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Condensation, the forgotten problem

Condensation, the forgotten problem

Are growers using products to reduce condensation in their greenhouses?

 

A few weeks ago, at approximately 3pm, I was driving past a glasshouse and noticed the internal glass was covered in condensation, not just on the side walls but inside the roof.  I’ve previously written, on this site, in regards to the impact on reduction of light penetration that condensation has.   I am very interested to know if growers are using anti-condensation coatings and if they are not, why? 

It is estimated that up to 8% loss of light is caused by condensation in glasshouse structures and it could cause a staggering light loss of up to 25% in plastic houses!!  As condensation is not present 100% of the time, I don’t know if this reduction in light % is throughout the entire day or only when condensation is present.  However, in the winter condensation can remain for a long period of time depending on many factors.

There are a few reasons why I think growers are not yet using anticondensation coatings.  I don’t believe it is the cost of the anti-condensation products. 

 

1, Equipment:

Do you have the equipment to be able to spray the inside of glasshouse roofs effectively?  There are all sorts of obstacles in the way.  You will require a spray-boom capable of avoiding all of the wires and that can deal with the internal pitch of the roof to get even coverage?  You almost need a boom that can be automatically extended and retracted so you are able to move between span or bay. 

  

2, Time of Application:

Coating should be applied is in March-April, however, the weather is still very good and workloads are still high so it is possible growers are not finding time to apply the coatings.  Crops might still be in and with these sorts of products it is recommended or preferable to apply when the greenhouse is empty.  However, you can test on a small area to see if anti-condensation products cause any phytotoxicity to your cultivar.  For cucumber growers, who have regular crop changes, you have more opportunity to apply anti-condensation products easily compared to long croppers.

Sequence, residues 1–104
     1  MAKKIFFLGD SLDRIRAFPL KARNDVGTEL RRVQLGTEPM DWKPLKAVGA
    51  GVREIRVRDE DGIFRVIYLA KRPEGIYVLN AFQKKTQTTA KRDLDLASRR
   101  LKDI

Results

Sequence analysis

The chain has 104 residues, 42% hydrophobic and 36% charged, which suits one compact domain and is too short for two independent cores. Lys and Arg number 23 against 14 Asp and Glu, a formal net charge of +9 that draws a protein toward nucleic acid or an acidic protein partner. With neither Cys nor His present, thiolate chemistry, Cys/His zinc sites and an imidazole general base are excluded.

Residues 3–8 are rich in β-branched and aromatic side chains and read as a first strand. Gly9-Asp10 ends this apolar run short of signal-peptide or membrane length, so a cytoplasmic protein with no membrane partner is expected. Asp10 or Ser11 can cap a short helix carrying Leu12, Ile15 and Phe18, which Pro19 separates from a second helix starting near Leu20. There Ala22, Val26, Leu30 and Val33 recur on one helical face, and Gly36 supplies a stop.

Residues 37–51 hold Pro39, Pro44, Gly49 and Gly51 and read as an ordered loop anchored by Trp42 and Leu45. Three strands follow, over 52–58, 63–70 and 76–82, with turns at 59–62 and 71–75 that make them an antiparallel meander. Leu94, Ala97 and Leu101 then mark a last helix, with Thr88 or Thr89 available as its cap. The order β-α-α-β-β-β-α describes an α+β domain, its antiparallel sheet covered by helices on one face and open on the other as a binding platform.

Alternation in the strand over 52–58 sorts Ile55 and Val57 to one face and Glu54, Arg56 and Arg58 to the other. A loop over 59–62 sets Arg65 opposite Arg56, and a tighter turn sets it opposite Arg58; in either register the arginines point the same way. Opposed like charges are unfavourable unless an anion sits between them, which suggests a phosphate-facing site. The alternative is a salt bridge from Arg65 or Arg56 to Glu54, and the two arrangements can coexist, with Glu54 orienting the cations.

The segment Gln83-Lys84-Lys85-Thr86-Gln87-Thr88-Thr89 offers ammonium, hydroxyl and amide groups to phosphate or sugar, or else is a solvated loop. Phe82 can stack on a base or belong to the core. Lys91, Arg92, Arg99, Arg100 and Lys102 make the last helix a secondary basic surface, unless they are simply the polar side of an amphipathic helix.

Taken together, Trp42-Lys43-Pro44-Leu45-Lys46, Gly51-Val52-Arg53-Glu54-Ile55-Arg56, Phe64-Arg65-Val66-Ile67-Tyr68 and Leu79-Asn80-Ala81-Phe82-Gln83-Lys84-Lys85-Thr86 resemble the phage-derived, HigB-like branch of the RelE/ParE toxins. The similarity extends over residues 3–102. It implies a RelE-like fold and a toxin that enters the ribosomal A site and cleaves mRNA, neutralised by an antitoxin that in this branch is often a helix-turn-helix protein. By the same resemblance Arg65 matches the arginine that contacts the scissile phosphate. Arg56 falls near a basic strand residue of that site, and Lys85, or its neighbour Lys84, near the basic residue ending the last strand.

3, Planning:

Planning two-three months in advance with any growing operation is hard work but thinking eight months in front is much harder.  I believe that this is a serious issue, any reduction in light, in the late autumn and all of winter, that is avoidable will directly affect production.  Even if it meant a 5% increase in production over a four-month period it must be worth the investment.  Furthermore, by having reduced condensation you should reduce water droplets falling on plants therefore reducing fungal pressure.

 

There are products for both Glass house and Plastic house.  This covers a broad range of all protected cropping. Click on the links below to see what products are avialable.

https://www.redusystems.co.nz/en/other-products/maintenance-op/anticondens-for-glass/

https://www.redusystems.co.nz/en/other-products/maintenance-op/anticondens-en/

The cover photo clearly shows the amount of condensation on the inside of this plastic greenhouse.  This photo was taken at lunchtime 24th May 2019.

 

I appreciate your comments.  Please feel free to comment below or on the grower2grower Facebook page:

https://www.facebook.com/StefanGrower2grower/

Article Written by Stefan Vogrincic, Consultant, Grower2Grower

Article Edited by Marie Vogrincic, Editor, Grower2Grower